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Publication #SP 37

Coffee Senna, Senna occidentalis L.1

David W. Hall, Vernon V. Vandiver, and Jason A. Ferrell2

Classification

Common Name: Coffee Senna

Scientific Name: Senna occidentalis (L.) Link

Family: Leguminosae (Fabaceae), Bean Family

Seedling

The cotyledons are smooth, round, about 1 cm long, and usually less than 1 cm wide with 3 distinct veins in the upper surface (Figure 1). The stems have visible hairs just above and below the cotyledons.

Figure 1. 

Seedling, Coffee Senna (Senna occidentalis L.)


[Click thumbnail to enlarge.]

Mature Plant

Coffee Senna is a smooth annual that can be 2 m tall (Figure 2). The leaves are compound. The leaflets are in 4-6 pairs and have a sharp leaf apex. These leaflets are 2-9 cm long and 2-3 cm wide with a distinct gland 3-5 mm from the base of the stalk. Flowering occurs in the leaf axils. The sepals are green and 6-9 mm long. The petals are yellow and 1-2 cm long. The 6-7 stamens are of two different lengths. The seed pods are dark brown, 8 to 12 cm long, 7-10 mm wide and curve slightly upward. The seeds are dull brown, 4-5 mm long and flattened on both ends.

Figure 2. 

Mature plant, Coffee Senna (Senna occidentalis L.)


[Click thumbnail to enlarge.]

History

Senna is an ancient Arabic name for these plants. The Latin word occidentalis means western, and refers to the origin.

Habitat

S. occidentalis is widespread in warm areas of the world except for Australasia.

Biology

On two different soil types growth was greater the higher the pH, 4.7-6.3. The seeds are known to be weakly toxic to various stock animals. Animals normally avoid ingesting these seeds. Increased germination is obtained by seed scarification.

Control

Peanuts

There are effectively no preemergence herbicides that provide highly effective coffee senna control. Pursuit, applied preemergence, will deliver approximately 70% control, but all other herbicides will provide 50% control or less.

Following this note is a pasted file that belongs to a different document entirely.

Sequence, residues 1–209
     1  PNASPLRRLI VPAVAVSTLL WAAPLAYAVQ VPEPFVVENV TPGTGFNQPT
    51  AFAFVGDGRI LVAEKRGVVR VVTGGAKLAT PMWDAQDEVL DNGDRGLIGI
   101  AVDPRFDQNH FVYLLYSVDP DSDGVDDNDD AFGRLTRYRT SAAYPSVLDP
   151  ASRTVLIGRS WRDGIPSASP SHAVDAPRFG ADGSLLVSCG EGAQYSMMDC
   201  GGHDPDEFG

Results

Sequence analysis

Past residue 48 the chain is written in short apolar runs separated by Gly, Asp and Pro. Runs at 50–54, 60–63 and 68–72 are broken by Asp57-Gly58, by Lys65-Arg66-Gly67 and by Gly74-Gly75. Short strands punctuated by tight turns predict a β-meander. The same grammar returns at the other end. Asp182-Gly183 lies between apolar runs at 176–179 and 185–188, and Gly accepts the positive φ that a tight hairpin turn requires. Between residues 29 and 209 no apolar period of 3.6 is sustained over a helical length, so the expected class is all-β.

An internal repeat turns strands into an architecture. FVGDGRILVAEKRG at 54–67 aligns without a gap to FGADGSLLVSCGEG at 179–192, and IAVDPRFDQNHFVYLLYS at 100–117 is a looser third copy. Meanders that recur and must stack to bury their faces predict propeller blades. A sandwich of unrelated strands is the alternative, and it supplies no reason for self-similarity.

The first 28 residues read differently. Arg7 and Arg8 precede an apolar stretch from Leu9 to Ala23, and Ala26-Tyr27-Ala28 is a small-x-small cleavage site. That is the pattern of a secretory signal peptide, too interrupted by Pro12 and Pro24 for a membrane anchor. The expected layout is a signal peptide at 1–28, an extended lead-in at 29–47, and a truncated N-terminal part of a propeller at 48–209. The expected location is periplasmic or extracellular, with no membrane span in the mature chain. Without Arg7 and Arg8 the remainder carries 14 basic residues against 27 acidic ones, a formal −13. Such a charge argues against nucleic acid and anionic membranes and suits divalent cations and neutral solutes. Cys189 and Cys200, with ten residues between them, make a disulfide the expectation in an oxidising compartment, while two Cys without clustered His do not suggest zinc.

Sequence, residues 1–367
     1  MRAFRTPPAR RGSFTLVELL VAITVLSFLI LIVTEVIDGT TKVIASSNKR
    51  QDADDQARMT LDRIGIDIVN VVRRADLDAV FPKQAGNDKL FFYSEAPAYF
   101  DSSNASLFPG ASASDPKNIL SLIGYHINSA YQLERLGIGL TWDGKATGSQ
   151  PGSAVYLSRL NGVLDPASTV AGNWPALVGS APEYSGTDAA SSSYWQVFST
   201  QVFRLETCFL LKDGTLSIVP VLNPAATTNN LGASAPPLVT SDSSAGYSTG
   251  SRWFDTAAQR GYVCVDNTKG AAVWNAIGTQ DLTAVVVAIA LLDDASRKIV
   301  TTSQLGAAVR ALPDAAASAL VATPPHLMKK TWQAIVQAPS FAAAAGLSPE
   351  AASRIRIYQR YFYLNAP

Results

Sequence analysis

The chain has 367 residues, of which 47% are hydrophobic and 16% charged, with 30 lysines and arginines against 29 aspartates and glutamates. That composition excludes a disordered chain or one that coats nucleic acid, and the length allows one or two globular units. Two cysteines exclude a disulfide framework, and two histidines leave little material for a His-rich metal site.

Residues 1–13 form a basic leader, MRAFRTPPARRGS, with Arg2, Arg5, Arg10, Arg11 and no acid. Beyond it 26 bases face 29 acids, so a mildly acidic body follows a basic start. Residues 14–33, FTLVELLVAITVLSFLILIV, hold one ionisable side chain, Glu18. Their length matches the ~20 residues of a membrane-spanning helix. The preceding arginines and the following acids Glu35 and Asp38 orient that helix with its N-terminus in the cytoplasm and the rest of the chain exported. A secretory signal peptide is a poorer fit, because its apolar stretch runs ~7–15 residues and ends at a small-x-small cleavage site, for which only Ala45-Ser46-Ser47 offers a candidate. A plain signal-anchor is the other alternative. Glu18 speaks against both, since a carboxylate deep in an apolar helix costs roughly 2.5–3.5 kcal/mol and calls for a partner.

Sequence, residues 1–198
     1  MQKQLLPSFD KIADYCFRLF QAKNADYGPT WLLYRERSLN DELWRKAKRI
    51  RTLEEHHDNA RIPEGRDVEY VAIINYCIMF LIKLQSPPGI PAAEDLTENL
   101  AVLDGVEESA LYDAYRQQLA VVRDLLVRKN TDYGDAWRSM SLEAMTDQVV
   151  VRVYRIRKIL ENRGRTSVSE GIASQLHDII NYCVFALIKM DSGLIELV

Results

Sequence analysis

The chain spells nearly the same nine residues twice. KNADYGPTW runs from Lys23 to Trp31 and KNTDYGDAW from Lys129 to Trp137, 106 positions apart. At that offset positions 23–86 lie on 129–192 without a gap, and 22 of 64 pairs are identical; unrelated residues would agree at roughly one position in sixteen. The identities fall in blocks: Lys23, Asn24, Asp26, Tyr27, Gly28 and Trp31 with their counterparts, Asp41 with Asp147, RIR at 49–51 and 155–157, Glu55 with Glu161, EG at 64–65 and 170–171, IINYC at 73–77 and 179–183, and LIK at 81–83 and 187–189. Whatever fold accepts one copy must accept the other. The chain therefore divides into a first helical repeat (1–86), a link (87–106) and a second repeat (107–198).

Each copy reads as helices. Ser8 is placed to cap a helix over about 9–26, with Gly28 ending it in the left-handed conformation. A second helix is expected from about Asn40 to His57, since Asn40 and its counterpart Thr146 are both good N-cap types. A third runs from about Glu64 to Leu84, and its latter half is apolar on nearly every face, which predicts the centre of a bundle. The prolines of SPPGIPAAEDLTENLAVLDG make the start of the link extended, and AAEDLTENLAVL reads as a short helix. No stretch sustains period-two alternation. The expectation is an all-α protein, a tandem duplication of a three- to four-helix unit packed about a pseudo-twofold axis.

The most effective herbicide combination is paraquat plus Basagran or Storm applied at-cracking. These combinations will commonly control greater than 90% of all coffee senna present at time of application; no soil-residual activity will be observed. Conversely, paraquat applied alone will not satisfactorily control coffee senna. Postemergence applications of Cadre or Basagran are effective against coffee senna. Although Cadre and Basagran will generally not provide 100% control, 80 to 90% control is commonly observed.

Cotton

Staple has been shown to provide good control of coffee senna when applied preemergence. All other preemergence herbicides are considered ineffective. Although sicklepod and coffee senna are closely related species, Cotoran does not possess adequate levels of coffee senna activity, as is commonly observed with sicklepod. Postemergence applications of glyphosate and/or Staple provide greater than 90% control of coffee senna. All postemergence directed herbicides, except Cobra and MSMA, provide greater than 90% coffee senna control.

Footnotes

1.

This document is SP 37, one of a series of the Agronomy Department, Florida Cooperative Extension Service, Institute of Food and Agricultural Sciences, University of Florida. Original publication date May 1991. Revised April 2003. Reviewed January 2012. Visit the EDIS website at http://edis.ifas.ufl.edu.

2.

David W. Hall, former extension botanist, Herbarium, Florida Museum of Natural History; Vernon V. Vandiver, associate professor emeritus, Agronomy Department; Jason A. Ferrell, assistant professor, Agronomy Department; Florida Cooperative Extension Service, Institute of Food and Agricultural Sciences, University of Florida, Gainesville FL 32611.

The use of trade names in this publication is solely for the purpose of providing specific information. UF/IFAS does not guarantee or warranty the products named, and references to them in this publication does not signify our approval to the exclusion of other products of suitable composition.


The Institute of Food and Agricultural Sciences (IFAS) is an Equal Opportunity Institution authorized to provide research, educational information and other services only to individuals and institutions that function with non-discrimination with respect to race, creed, color, religion, age, disability, sex, sexual orientation, marital status, national origin, political opinions or affiliations. For more information on obtaining other UF/IFAS Extension publications, contact your county's UF/IFAS Extension office.

U.S. Department of Agriculture, UF/IFAS Extension Service, University of Florida, IFAS, Florida A & M University Cooperative Extension Program, and Boards of County Commissioners Cooperating. Nick T. Place, dean for UF/IFAS Extension.